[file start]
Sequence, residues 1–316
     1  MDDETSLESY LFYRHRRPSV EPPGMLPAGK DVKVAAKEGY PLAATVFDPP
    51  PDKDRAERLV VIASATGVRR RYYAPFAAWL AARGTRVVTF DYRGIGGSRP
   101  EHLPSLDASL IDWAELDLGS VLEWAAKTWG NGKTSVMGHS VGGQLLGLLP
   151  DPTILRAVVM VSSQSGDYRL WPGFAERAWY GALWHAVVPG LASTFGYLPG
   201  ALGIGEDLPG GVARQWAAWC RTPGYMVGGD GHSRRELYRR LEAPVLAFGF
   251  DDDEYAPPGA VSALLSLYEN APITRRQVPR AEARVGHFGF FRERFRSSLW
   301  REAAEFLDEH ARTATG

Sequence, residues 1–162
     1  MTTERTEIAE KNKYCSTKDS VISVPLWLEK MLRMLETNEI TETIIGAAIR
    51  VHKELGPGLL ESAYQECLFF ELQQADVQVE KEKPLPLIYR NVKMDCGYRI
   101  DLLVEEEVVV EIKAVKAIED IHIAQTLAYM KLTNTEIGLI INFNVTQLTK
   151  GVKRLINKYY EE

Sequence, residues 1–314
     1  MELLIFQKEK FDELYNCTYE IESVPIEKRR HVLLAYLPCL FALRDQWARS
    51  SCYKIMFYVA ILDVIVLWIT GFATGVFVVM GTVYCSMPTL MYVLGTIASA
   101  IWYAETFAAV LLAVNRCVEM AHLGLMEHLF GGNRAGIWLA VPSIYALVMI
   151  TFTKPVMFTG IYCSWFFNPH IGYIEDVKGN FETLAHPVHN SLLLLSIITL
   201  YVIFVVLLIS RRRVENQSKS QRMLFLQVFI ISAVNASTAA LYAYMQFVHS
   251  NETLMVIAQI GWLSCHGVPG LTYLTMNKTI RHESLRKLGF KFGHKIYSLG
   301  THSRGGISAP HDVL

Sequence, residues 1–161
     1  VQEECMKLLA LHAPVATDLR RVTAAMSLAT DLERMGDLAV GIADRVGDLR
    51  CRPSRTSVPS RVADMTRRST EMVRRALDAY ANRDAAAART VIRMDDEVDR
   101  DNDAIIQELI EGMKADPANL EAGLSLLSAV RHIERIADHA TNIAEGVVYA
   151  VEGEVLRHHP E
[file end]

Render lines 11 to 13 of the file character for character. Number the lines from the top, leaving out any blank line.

    51  VHKELGPGLL ESAYQECLFF ELQQADVQVE KEKPLPLIYR NVKMDCGYRI
   101  DLLVEEEVVV EIKAVKAIED IHIAQTLAYM KLTNTEIGLI INFNVTQLTK
   151  GVKRLINKYY EE